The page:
A Quick Guide Covering the Major Steps in Deploying and Operating a Contact Center

A Quick Guide Covering the Major Steps in Deploying and Operating a Contact Center

1 . January . 2020

The Contact center planning and management process includes the nine critical steps that your center should be following in order to be properly staffed, scheduled, forecasted and prepared for just about anything.

These nine steps encapsulate the basics for making sure that your center’s service level objectives are suited to your organization’s needs – and that your right resources are in place to make this happen.

Define Objectives

The service level and response time objectives must be defined for the major types of interactions: those that must be handled right away (requiring a service level objective), and those that can be handled at later time (requiring a response time objective).

Gather Data

The contact center systems are important source of planning data. But much of the information you need comes from other sources- e.g. what marketing is doing, how customer trends and preferences are changing, and activities by the competition that may have an impact on your workload, and relevant developments in the market.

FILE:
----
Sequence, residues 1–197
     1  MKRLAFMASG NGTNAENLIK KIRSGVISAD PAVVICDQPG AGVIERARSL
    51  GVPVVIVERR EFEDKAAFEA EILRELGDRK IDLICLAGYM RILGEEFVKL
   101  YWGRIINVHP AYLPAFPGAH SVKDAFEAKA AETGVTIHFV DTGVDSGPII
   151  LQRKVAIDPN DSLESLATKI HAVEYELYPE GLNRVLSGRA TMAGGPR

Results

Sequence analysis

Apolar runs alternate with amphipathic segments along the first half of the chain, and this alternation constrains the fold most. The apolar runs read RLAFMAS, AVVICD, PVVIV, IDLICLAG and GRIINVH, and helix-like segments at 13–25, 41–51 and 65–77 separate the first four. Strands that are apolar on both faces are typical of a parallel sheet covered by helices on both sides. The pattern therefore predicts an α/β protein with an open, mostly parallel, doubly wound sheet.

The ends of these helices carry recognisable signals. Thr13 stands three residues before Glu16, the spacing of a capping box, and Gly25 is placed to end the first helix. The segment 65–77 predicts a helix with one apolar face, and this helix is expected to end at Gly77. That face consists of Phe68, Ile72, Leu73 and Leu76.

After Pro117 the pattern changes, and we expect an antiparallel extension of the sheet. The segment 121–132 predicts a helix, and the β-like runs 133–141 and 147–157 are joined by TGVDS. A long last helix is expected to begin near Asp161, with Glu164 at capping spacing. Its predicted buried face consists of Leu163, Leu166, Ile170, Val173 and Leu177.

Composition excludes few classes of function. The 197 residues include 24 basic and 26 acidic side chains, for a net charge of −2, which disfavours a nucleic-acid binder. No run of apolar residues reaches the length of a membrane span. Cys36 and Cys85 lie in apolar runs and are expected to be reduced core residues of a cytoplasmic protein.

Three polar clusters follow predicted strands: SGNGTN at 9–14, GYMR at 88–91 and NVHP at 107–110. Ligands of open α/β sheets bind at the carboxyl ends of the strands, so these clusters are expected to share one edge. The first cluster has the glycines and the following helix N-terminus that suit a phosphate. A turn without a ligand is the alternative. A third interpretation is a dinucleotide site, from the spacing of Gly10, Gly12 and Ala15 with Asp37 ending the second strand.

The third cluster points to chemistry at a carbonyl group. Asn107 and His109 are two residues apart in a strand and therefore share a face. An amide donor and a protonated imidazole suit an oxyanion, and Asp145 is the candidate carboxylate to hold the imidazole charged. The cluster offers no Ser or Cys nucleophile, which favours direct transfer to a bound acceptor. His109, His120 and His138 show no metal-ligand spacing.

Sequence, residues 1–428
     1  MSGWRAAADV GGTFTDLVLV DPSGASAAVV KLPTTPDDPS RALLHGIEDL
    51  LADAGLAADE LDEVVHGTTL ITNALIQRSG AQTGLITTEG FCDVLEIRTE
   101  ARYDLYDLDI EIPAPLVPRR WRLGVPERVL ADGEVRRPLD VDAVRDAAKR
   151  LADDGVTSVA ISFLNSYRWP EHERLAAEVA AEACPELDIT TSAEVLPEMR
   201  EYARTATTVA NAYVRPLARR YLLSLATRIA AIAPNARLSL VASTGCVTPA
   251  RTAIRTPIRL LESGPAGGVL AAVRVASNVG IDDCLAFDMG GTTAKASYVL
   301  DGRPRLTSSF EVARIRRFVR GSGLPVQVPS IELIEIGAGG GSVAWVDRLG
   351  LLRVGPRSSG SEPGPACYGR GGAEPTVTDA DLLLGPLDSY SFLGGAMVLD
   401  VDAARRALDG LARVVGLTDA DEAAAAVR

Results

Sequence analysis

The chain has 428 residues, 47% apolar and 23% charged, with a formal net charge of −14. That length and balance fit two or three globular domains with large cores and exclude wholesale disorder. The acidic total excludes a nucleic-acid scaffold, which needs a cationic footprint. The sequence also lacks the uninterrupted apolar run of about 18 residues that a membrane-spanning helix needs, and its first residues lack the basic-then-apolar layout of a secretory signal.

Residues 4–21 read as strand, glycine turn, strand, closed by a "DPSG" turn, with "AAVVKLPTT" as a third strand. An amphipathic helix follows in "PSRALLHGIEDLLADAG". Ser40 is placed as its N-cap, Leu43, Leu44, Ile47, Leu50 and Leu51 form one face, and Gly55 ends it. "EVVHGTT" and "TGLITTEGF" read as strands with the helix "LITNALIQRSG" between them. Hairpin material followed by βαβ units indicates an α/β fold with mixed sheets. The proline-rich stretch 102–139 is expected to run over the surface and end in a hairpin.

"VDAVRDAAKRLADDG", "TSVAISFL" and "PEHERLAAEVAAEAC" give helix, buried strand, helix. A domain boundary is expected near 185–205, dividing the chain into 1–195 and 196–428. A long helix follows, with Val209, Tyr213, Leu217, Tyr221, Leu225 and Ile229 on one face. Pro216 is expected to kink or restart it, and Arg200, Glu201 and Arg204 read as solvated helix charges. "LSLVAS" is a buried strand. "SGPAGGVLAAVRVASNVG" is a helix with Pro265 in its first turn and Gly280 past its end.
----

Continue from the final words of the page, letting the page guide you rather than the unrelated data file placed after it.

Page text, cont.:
Forecasting Workload

The most important factors while forecasting your workload include customer contacts, average talk time, average after-call work, and volume. Additionally, you should consider all types of traffic from voice and multi-media contacts. Your plans should account for any related work that will require contact center resources.


Without considering shrinkage factor, your contact center objective will not be as per expectations. You’ve got be realistic and account for breaks, absenteeism, training, work not directly part of handling customer interactions, and all the other considerations that occupy agent time.

Scheduling & Cost

Schedules are the essentially forecast of who needs to be where and when. They should lead to getting the right people in the right places at the right times.

This step projects for the resources required to meet service and quality objectives.

Repeat For Higher and Lower Levels of Service

Preparing budgets around different levels of service provides an understanding of cost trade-offs, which is invaluable in budgeting decisions.